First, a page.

“The truth is I don’t have a dream project. My dream project is always the one that’s about to shoot.”
Talk to most screenwriters and they have one story close to their heart that they are dying to see up on the bigscreen. But relentlessly pragmatic English screenwriter Tony Grisoni doesn’t. Then again, Grisoni has so many irons in the fire, he isn’t like most of his peers; he has four features in production, and plans to expand his directorial debut short into a full-length feature.
Grisoni made his name as a frequent collaborator with Terry Gilliam, first adapting Hunter S. Thompson’s “Fear and Loathing in Las Vegas” and later writing “Tideland” and “The Brothers Grimm” (uncredited).
Among Grisoni’s current projects is the script for Oscar-nommed Brit thesp Samantha Morton’s directorial debut “Unloved,” a trilogy of feature films revolving around the hunt for the notorious Yorkshire Ripper serial killer, and expanding his short “Kingsland.”
That’d be plenty for most scribes, but Grisoni is never one to stand still; he will shortly commence a rewrite on Gilliam’s revived project “The Man Who Killed Don Quixote.” The original ill-fated production was cancelled in 1999 after a series of disasters painfully documented in doc “Lost in La Mancha.”
Grisoni alternates between the role of traditional writer — “I love sitting on my own with a laptop staring out the window wishing I could write something,” he jokes — and something much more hands-on; he reminisces fondly about his experience on Michael Winterbottom’s semi-improvised drama “In This World,” on which he not only wrote the script but ended up learning how to do makeup.
Grisoni is clearly in his element workshopping with actors. He’s in Nottingham, England, with Morton working with nonpro young actors to iron out the script for “Unloved.” He and Morton co-wrote the script and have planned every scene, but the dialogue changes daily. “The screenplay is something which is constantly in flux … it’s a very exciting way to work,” he says.
“Unloved,” a telepic to come out of Channel 4’s first-look development deal with Revolution Films, is a child’s-eye examination of the U.K.’s government-run system for orphans and children in danger. The project is very close to Morton’s heart, as she spent time in the system herself. To Grisoni, that closeness is key. For his directorial debut, the 22-minute short “Kingsland,” which recently premiered at the London Film Festival, Grisoni, as well,stuck to what he knows best. The story revolves around the lives of immigrant Kurds living in Dalston, the gritty, multicultural East London area he has lived in for more than a decade. Plans are afoot to expand the short, which is based on the framework of Luchino Visconti’s “Rocco and his Brothers,” into a feature he will direct.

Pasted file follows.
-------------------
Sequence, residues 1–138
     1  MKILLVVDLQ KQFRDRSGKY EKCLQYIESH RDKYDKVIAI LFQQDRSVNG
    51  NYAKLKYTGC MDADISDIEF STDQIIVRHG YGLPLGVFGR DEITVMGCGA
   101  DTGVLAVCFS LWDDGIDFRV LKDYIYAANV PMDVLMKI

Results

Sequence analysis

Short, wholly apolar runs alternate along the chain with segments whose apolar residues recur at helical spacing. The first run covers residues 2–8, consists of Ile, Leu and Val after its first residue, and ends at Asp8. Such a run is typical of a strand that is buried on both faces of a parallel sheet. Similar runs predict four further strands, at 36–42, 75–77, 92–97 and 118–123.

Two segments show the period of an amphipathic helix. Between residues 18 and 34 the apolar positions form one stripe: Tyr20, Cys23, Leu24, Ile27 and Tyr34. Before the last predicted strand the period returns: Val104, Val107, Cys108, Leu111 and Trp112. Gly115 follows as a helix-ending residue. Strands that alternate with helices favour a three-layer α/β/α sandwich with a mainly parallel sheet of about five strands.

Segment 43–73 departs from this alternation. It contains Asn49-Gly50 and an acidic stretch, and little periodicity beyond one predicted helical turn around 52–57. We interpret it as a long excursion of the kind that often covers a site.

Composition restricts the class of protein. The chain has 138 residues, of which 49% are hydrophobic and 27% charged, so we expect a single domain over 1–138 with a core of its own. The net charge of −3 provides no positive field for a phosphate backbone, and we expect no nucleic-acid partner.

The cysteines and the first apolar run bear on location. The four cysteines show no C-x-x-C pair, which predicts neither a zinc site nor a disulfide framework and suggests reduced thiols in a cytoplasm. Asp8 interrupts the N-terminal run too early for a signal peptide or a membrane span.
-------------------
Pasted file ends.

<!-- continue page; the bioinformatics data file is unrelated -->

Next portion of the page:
Serial killer story “Red Riding” has been a massive three-year undertaking for Grisoni. The strength of the books and the experimental nature of the project, with three different helmers — Julian Jarrold, Anand Tucker and James Marsh — shooting three separate films, is what piqued the screenwriter. Shooting has completed on two of the three pics with the third — Marsh’s “1980” — under way.
What makes Grisoni such an in-demand scribe is his willingness to accept a challenge and no-bull approach to his craft. “I don’t like the academic approach to screenwriting. It has to part of actual filmmaking and the filmmaking process, otherwise it’s nothing more than a bunch of words on a piece of paper.”